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Wuthering Heights by Emily Bronte

Wuthering Heights (original 1847; edition 2011)

by Emily Bronte, Tracy Dockray (Illustrator)

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32,11647424 (3.91)4 / 1374
Title:Wuthering Heights
Authors:Emily Bronte
Other authors:Tracy Dockray (Illustrator)
Info:Harper Design (2011), Hardcover, 408 páginas
Collections:Your library

Work details

Wuthering Heights by Emily Brontë (1847)

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    WildMaggie: Rendell tells a modern tale of obsessive love similar to Bronte's classic.
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    Eustrabirbeonne: Lord David Cecil's classification for the characters in "Wuthering Heights" - children of calm and children of storm - may be applied to Herbjorg Wassmo's book, and especially the eponymous heroine. What a child of storm we find in the tall, dark, savage, sensual, ruthless figure of Dina!… (more)
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English (446)  Spanish (11)  Italian (7)  Portuguese (2)  French (2)  Swedish (2)  Dutch (1)  Portuguese (Portugal) (1)  Portuguese (Brazil) (1)  Finnish (1)  Piratical (1)  All languages (475)
Showing 1-5 of 446 (next | show all)
Wuthering Heights is one of those books which are reasonably interesting when you are reading them, but not enticing enough to pick up again if you put them down. Story moves forward quite well, and writing style is full of soliloquies worth admiration, but reader is left with nothing when finished reading the book. One problem with that is all characters are awful.

There is no love shown between Heathcliff and Catherine, at least not something anyone can guess, because they fought often and whatever tenderness was between them wasn't unusual for any two characters within the book. Despite no sign of love, they were in love apparently, to maddening degree. Catherine married Edger Linton voluntarily, however, he is somehow the villain of the story abhorred by both Catherine and Heathcliff. She didn't even attempt to divorce for God's sake. It appears that two main lovers delighted in unfulfilled love and agony rather than trying any reasonable means to achieve the union.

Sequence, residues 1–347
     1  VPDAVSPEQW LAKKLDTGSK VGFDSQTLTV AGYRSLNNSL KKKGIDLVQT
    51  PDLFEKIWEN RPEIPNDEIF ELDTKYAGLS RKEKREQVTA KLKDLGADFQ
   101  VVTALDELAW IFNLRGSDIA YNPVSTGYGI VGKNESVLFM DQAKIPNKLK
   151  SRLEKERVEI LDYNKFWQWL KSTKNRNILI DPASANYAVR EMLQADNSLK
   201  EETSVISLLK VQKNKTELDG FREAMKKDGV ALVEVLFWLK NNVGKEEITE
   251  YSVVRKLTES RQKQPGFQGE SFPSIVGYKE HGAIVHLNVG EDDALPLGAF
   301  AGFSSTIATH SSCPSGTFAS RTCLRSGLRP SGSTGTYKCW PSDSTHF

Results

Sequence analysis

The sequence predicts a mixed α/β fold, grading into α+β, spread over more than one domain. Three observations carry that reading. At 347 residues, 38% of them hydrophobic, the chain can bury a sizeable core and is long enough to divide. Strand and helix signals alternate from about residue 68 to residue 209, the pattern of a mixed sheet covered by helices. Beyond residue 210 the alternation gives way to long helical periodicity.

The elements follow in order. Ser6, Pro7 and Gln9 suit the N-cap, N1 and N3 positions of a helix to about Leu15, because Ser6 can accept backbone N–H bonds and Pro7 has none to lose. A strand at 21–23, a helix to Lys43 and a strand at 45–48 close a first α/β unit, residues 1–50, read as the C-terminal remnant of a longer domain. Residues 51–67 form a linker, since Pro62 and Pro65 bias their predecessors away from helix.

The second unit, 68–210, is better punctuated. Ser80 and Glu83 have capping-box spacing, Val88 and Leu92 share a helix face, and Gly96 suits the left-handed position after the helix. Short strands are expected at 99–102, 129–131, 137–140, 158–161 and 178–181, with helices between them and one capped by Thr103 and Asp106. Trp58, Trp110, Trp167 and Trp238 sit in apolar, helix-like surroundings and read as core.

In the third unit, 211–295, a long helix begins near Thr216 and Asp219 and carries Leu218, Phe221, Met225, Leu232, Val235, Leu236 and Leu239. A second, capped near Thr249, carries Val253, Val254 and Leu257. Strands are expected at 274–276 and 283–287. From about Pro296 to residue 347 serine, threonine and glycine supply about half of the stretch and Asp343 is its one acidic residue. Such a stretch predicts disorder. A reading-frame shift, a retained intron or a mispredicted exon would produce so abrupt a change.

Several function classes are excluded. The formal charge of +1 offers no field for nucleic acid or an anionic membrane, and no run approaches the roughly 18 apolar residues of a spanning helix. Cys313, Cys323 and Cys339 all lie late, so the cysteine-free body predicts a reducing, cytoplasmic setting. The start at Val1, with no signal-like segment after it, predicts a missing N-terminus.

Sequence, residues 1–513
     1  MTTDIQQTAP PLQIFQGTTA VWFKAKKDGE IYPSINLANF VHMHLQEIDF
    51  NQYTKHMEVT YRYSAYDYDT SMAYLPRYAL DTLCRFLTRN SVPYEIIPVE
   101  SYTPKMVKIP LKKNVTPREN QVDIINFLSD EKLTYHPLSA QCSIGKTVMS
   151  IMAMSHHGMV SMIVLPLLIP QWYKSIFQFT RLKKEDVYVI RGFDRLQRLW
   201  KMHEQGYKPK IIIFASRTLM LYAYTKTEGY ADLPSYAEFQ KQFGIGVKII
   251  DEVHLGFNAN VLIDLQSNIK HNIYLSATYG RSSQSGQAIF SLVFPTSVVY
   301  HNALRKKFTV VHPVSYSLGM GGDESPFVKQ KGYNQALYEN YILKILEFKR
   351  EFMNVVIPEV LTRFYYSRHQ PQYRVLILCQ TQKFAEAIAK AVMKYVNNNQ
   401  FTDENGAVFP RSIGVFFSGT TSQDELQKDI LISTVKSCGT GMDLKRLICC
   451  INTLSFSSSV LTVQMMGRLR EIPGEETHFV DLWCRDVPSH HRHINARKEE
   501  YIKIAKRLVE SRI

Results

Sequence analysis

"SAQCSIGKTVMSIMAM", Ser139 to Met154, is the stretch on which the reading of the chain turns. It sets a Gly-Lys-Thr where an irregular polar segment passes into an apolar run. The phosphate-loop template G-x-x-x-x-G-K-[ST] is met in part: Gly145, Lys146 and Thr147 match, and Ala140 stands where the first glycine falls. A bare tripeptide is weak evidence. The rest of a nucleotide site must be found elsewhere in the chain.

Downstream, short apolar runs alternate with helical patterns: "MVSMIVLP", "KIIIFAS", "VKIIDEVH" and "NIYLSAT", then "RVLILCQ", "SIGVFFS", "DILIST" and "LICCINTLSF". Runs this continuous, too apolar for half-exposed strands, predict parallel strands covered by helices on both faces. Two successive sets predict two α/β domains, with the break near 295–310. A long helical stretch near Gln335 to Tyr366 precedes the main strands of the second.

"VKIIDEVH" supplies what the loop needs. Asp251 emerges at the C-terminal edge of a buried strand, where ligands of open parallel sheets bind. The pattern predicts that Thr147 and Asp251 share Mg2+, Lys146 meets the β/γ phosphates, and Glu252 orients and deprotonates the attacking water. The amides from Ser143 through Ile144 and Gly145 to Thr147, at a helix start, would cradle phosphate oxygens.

Little Catherine is not really stopped from visiting Linton, and all attempts are half-hearted, even when it is obvious that she is going to dangerous path. No example is made of experience of Linton's mother who married Heathcliff against the family's wishes and suffered. In the end, even little Catherine's and Linton's marriage is considered a viable option. It seems everyone is in self-destructive mode with no semblance of reasonable behaviour. Of course, behaviour of little Catherine borders on idiocy.

Lastly, I have problems with naming. Writer was so short of names that there are Catherine's and Linton's and Heathcliff's and all permutations of those names. Wasn't difficult to keep track but was quite annoying to follow.

In summary, book is probably still worthwhile because writing style is interesting. Story and character leaves you cold and I wasn't sad to have anyone died really. ( )
  ashishg | Nov 30, 2015 |
I read this book as a challenge I set for myself. My readers and friends voted for a book to read in May, and Wuthering Heights was the book they picked. I didn't do one of my normal reviews for this, so I won't be posting it directly on Goodreads. It's long, ranty, and not very nice. So you've been warned. You can find it in full here: http://alifeamongthepages.wordpress.com/2014/05/30/review-sorta-wuthering-height... ( )
  Robert.Zimmermann | Oct 15, 2015 |
What I thought this book would be and what it actually turned out like were quite different. It's not a love story, not in any traditional sense of the term. Heathcliff is no brooding yet romantic hero, he's almost antihero material. I also wasn't expecting the manner in which it was told, as the story told by the housekeeper to the tenant, with some observations of the present breaking up the narrative. It made for a slightly odd story, as at times you knew more about the story than the people in it.